Ms. Figueres chronicled other moves that portend trouble for the industry. For instance, Norway’s massive sovereign wealth fund recently decided to get rid of nearly US$6-billion in oil and gas investments. The European Investment Bank, the world’s largest multilateral financier of climate-related investment, has proposed ending the underwriting of fossil-fuel infrastructure by 2020, including for gas. And the Danish pension fund is removing the top 10 major oil companies from its portfolio because their business models are incompatible with the Paris accord.
But you would never know any of this living in Canada. Here, talk of transitioning off oil, or the industry not having a bright future, is verboten in places such as Alberta and Saskatchewan. This denialism only serves to delay the implementation of measures critical to climate success.
It also ignores enticing analysis. Ten years ago, the British government commissioned a study into the transition to a low-carbon economy. Noted economist Nicholas Stern found, among other things, that every US$1 invested in a low-carbon economy now, saves a jurisdiction US$4 in 20 years.
Finally, it’s impossible to talk about inaction around climate change without mentioning the debilitating role inflammatory rhetoric now plays in the debate. We have heard how Environment Minister Catherine McKenna sometimes requires a security detail because of concerns about her safety. She tells the story of a time recently when she was walking outside a movie theatre with her three children and a car pulled up. The man inside rolled down the window and yelled a profanity Ms. McKenna’s way, before calling her “Climate Barbie,” a term of derision she has protested in the past for being sexist and demeaning.
Some of this is certainly the result of the times in which we live. Alberta Premier Jason Kenney, for one, has relied on often incendiary oratory to get supporters riled up against the Liberal government in Ottawa, which he blames for trying to kill the oil industry. (Even though it bought a pipeline.) But a phalanx of conservative premiers has railed against the dangers of climate measures that will “kill the economy.” The doubt these politicians have sowed in the minds of the public may be having an effect. A recent survey by the firm Ipsos found nearly half of those polled thought scientists were elitists whose findings they discounted because they don’t align with their personal beliefs. Other polls have shown that people believe climate change is real but don’t want to sacrifice much to reverse its effects – a result no doubt influenced by the words of politicians who have convinced many Canadians that measures such as a carbon tax are a mere money grab that will have no measurable impact on GHG emissions.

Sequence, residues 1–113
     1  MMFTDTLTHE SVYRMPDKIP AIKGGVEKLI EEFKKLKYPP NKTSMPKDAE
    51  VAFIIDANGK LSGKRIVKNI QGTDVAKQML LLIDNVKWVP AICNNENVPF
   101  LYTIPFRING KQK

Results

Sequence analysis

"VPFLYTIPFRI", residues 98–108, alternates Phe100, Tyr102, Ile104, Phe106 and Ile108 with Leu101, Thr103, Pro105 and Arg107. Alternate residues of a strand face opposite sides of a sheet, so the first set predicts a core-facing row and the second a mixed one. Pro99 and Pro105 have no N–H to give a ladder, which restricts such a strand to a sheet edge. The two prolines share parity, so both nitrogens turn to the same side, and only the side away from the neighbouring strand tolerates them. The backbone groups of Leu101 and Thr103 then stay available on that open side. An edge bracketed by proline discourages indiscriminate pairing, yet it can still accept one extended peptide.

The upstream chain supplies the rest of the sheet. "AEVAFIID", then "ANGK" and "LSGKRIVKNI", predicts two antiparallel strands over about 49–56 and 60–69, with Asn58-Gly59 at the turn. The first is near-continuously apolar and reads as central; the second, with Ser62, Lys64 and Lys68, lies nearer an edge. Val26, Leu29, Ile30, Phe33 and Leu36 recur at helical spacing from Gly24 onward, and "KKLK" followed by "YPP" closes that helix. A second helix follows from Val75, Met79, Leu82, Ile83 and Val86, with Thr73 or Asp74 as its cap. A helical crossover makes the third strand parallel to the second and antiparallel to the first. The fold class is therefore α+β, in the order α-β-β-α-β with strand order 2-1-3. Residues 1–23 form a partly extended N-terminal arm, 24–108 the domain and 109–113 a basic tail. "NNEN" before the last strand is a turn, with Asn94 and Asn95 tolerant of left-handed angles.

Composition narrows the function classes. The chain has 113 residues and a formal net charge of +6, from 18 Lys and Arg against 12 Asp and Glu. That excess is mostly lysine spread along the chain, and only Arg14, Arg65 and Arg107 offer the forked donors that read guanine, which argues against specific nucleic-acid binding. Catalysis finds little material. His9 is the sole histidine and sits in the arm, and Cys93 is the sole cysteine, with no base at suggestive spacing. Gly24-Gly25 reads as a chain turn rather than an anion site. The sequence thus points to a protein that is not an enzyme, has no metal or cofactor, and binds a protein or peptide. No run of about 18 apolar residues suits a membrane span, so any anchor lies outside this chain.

I wish I could be more optimistic about the future, about the will of Canadians to rise above the depressing lack of urgency that exists in this country to deal with the greatest threat the planet has ever faced. But at the moment, there doesn’t seem to be anything resembling the kind of mass anxiety necessary to produce the kind of call to arms needed to incite real change.
Instead, we content ourselves with the actions of a 16-year-old girl from Sweden who speaks a truth that makes the powerful squirm. We watch videos of her speeches and urge our friends on social media to do the same. “What a hero!” we exclaim. And while it’s no doubt true, lauding Greta Thunberg doesn’t do us a damn bit of good. We can’t just listen to her words, we must also heed them.
On Sept. 23, Greta Thunberg delivered a searing speech at the United Nations Climate Action Summit in New York. Listen to it here.